Pope's Homily at Roman Parish of Santa Maddalena di Canossa

‘And may this contemplation of the two faces of Jesus – the transfigured and the one made sin, accursed – encourage us to go ahead on the path of life, on the path of Christian life.’

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Sunday afternoon, March 12, 2017, the Second Sunday of Lent, the Holy Father Francis went on a pastoral visit to the parish of Santa Maddalena di Canossa, in the Ottavia suburb of Rome.
Upon his arrival, around 3:50 p.m., the Pope met with children and catechism youngsters in the parish sports field. Then, the Holy Father greeted the elderly and the sick in the crypt and, in the parish theater, he met with spouses who baptized their children in 2016. In addition, he greeted briefly the ministers, the priests of the 36th Prefecture, which belongs to the parish, and some Sisters Daughters of Charity (Canossians), accompanied by their Superior General. Finally, the Holy Father heard the confession of some penitents.
At 6:00 p.m., he presided over the Holy Mass in the parish church. After the proclamation of the Gospel, the Pope gave an off-the-cuff homily. At the end of the visit, the Holy Father returned to the Vatican around 7:45 p.m.
Here is a Zenit working translation of the homily during the Mass:
The Holy Father’s Homily
In this passage of the Gospel (cf. Matthew 17:1-9) reference is made twice to the beauty of Jesus, of Jesus-God, of luminous Jesus, of Jesus full of joy and of life. First, in the vision: “He was transfigured.” He was transfigured in front of them, the disciples: “His face shone like the sun, and His garments became white as light.”
And Jesus is transformed, is transfigured. The second time, while they were coming down from the mountain, Jesus commanded them not to speak of this vision before He had risen from the dead, that is, in the Resurrection Jesus will have – He had had, but at the moment He had not yet risen – the same luminous, brilliant face, it will be like that! But what did He wish to say? That between this transfiguration, so beautiful, and the Resurrection, there would be another face of Jesus: there will be a not so beautiful face; there will be a awful face, disfigured, tortured, scorned, bloodied by the crown of thorns . . . Jesus’ whole body in fact will be something to discard — two transfigurations and in between Jesus Crucified, the Cross. We must look at the Cross a lot! It is Jesus-God — “this is my Son,” “this is my Son, the Beloved!” –, Jesus, the Son of God, God Himself, in whom the Father is well pleased: He annihilated Himself to save us! And to use a very strong, a very strong word, perhaps one of the strongest words of the New Testament, a word that Paul uses: He was made sin (cf. 2 Corinthians 5:21). Sin is the most awful thing; sin is an offense to God, a slap to God, it’s to say to God: “ I don’t care about you, I prefer this . . . ‘ And Jesus was made sin, He annihilated Himself, He lowered Himself to this . . . And to prepare the disciples not to be scandalized to see Him like this, on the Cross, He underwent this transfiguration.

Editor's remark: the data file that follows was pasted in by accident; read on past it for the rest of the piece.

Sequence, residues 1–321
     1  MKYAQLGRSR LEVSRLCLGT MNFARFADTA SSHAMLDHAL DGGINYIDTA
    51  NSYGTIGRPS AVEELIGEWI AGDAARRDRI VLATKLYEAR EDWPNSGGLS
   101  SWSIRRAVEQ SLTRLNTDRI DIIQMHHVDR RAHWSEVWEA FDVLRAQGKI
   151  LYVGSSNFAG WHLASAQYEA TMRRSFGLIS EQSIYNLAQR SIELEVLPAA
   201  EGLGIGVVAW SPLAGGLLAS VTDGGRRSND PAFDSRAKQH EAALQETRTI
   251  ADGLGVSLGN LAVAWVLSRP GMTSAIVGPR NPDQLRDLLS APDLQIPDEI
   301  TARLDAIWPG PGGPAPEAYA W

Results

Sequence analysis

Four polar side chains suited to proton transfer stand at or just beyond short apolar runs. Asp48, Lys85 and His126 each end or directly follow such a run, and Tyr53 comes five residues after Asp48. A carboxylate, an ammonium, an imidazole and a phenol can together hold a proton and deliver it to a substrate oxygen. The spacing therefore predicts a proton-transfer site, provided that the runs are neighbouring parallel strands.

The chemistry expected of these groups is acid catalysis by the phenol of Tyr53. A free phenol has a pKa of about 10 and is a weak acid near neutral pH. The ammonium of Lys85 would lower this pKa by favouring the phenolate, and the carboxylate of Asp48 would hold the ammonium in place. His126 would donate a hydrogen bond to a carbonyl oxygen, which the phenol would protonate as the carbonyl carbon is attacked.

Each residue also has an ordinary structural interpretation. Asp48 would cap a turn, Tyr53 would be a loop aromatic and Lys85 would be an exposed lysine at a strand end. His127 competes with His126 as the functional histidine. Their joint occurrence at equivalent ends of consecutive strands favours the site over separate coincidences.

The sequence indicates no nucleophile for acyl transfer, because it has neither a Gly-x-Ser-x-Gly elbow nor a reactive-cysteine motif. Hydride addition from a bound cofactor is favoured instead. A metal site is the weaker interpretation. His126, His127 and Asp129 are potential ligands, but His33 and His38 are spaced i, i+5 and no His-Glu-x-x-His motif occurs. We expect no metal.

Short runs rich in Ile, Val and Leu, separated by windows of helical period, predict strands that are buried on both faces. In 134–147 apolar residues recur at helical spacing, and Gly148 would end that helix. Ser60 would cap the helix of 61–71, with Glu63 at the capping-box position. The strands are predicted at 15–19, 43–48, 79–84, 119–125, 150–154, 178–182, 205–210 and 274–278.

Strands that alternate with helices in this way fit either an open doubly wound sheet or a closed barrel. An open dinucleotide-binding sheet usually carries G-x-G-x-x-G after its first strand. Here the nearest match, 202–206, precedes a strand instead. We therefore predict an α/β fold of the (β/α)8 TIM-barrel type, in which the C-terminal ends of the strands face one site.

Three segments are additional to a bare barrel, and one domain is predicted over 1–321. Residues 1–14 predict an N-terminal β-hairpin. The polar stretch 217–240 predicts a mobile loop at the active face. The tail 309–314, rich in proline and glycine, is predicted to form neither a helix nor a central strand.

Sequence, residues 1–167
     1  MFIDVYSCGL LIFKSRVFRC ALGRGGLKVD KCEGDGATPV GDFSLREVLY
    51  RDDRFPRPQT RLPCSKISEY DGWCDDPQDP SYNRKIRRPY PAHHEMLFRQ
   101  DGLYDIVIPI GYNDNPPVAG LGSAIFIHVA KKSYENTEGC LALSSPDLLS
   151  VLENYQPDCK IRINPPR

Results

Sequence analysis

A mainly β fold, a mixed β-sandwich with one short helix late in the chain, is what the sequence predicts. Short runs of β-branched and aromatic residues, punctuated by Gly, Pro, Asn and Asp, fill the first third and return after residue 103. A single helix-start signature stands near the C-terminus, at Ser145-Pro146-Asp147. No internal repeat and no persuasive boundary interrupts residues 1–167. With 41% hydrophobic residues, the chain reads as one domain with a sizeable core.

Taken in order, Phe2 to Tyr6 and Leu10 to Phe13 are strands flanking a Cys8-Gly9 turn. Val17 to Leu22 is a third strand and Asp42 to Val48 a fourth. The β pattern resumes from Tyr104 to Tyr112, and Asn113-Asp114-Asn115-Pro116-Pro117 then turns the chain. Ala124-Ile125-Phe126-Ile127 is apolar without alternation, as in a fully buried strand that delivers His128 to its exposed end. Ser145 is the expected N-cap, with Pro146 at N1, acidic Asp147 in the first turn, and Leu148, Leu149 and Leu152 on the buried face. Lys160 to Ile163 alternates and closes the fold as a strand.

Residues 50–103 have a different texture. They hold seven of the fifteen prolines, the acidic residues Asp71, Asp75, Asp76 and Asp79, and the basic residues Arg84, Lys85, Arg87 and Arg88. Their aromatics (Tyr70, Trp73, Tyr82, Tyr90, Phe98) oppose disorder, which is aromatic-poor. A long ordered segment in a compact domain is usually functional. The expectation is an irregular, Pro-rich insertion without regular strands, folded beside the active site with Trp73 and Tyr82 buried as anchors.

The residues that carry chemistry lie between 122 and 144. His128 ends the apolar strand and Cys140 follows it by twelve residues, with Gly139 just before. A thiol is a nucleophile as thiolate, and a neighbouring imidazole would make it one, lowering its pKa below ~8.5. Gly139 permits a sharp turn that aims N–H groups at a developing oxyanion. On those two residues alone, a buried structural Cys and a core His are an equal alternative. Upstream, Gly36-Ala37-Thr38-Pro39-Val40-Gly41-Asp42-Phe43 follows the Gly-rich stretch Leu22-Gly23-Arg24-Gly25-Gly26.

We are used to talking about sins: when we go to Confession – “I did this sin, I did that other . . . –; and also in Confession, when we are forgiven, we feel we are forgiven because He has taken this sin in the Passion: He became sin. We are used to talking about others’ sins. It’s an awful thing . . . Instead of talking about others’ sins, I don’t say we make ourselves sin, because we can’t, but <we must> look at our sins and <look> at Him, who became sin. This is the path to Easter, to the Resurrection: to go ahead with the certainty of this transfiguration; to see this most luminous, most beautiful face, which will be the same in the Resurrection and the same we will see in Heaven, and also to see this other face, which was made sin; He paid in this way for all of us. Jesus was made sin, He was made God’s malediction for us: in the Passion the blessed Son became the accursed, because He took our sins upon Himself (cf. Galatians 3:10-14). Let us think of this – so much love! So much love! And let us think also of the beauty of the transfigured face of Jesus that we will see in Heaven.
And may this contemplation of the two faces of Jesus – the transfigured and the one made sin, accursed – encourage us to go ahead on the path of life, on the path of Christian life. May it encourage us to ask for forgiveness of our sins, not to sin so much . . . May it encourage us especially to have confidence, because if He became sin it is because He took our sins upon Himself. And He is always willing to forgive us. We must only ask for it.
[Original text: Italian] [Translation by Virginia M. Forrester]  

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